SALT LAKE CITY — A federal judge has indicated he wants more investigation into allegations the FBI tampered with a witness in a trial over evidence and the Oklahoma City bombing.
At the end of a hearing Thursday, U.S. District Judge Clark Waddoups stopped short of finding the FBI in contempt of court. Instead, he indicated that he would appoint a federal magistrate judge to oversee further investigation into the claims.
Judge Waddoups did rule that the FBI failed to file a report on the allegations in a timely manner.
“The report raises questions and is incomplete and insufficient to conclude if the FBI was involved in witness tampering,” he said over objections from government lawyers.
The claims of witness tampering spun out of a trial earlier this year over evidence and records connected to the 1995 Oklahoma City bombing. Jesse Trentadue is suing over the death of his brother, Kenneth, whom he claims was mistaken for a bombing co-conspirator and killed while in federal custody during an interrogation.
Trentadue is seeking records, including videotapes that purport to show convicted bomber Timothy McVeigh pulling a truck in front of the Murrah building and leaving with someone else before the bomb went off. Trentadue has claimed that other person was an FBI operative.
“There’s no doubt in my mind and it’s proven beyond any doubt that the FBI knew the bombing was going to take place months before it happened,” he told FOX 13 outside of court on Thursday. “They didn’t stop it, and then the question becomes: How did you know and why didn’t you stop it?”
The FBI has insisted it had no advance knowledge of the bombing.
As part of his case for the records, Trentadue sought to call John Matthews, whom he claims was an undercover government operative who knew McVeigh. Matthews called the FBI’s Salt Lake City office and told an operator and an agent he did not want to testify.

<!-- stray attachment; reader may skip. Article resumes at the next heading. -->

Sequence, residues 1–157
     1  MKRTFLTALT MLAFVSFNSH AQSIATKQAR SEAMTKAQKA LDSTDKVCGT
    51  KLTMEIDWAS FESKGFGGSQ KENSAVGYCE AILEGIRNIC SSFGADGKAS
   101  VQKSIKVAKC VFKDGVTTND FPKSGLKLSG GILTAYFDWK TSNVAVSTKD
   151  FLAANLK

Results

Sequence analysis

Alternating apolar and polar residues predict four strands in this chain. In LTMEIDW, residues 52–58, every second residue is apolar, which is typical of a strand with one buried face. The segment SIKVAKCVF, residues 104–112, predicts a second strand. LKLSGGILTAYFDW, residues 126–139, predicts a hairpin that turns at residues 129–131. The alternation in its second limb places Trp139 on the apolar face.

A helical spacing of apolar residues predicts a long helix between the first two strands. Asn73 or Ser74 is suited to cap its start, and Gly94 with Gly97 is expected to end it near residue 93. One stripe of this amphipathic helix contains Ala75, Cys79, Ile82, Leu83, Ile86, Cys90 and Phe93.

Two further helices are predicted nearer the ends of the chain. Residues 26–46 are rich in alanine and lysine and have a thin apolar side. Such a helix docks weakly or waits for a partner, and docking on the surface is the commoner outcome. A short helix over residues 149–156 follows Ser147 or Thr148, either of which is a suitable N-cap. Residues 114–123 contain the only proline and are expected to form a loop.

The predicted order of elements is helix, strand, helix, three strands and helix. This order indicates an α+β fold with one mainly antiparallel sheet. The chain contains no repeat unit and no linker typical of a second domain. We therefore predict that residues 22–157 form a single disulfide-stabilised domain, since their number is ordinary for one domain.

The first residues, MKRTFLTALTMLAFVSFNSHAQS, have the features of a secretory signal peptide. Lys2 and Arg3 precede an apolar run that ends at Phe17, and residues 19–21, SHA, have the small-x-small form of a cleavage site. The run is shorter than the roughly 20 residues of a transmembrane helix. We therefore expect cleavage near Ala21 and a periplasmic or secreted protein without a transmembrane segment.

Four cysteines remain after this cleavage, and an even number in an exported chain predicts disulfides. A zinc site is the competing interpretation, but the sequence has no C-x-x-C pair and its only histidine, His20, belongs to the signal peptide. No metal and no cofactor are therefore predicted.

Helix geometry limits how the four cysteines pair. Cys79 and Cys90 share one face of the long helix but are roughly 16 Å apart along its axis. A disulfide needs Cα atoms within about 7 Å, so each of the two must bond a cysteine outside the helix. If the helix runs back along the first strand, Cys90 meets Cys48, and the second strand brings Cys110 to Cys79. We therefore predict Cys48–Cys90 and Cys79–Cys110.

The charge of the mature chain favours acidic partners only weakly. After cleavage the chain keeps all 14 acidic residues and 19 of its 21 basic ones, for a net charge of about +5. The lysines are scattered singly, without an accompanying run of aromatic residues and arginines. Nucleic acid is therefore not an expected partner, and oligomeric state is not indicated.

Trentadue has accused the FBI of intimidating Matthews into refusing to testify, claiming FBI Special Agent Adam Quirk told him he didn’t have to without a subpoena. A report submitted to the court included transcripts of the conversation, which Justice Department lawyer Kathryn Wyer said found nothing inappropriate took place.
“The only reason Mr. Quirk talked to Mr. Matthews is he was the duty agent,” Wyer insisted. “He (Matthews) did not intend to testify.”
The report, which FOX 13 obtained from court records, shows investigators determined no witness tampering took place. However, it did chastise the FBI for not notifying Justice Department about the conversation with Matthews, and Agent Quirk gave a response that “could mistakenly have been construed as legal advice.”
POSTED 2:31 PM, NOVEMBER 13, 2014, BY BEN WINSLOW, UPDATED AT 05:50PM, NOVEMBER 13, 2014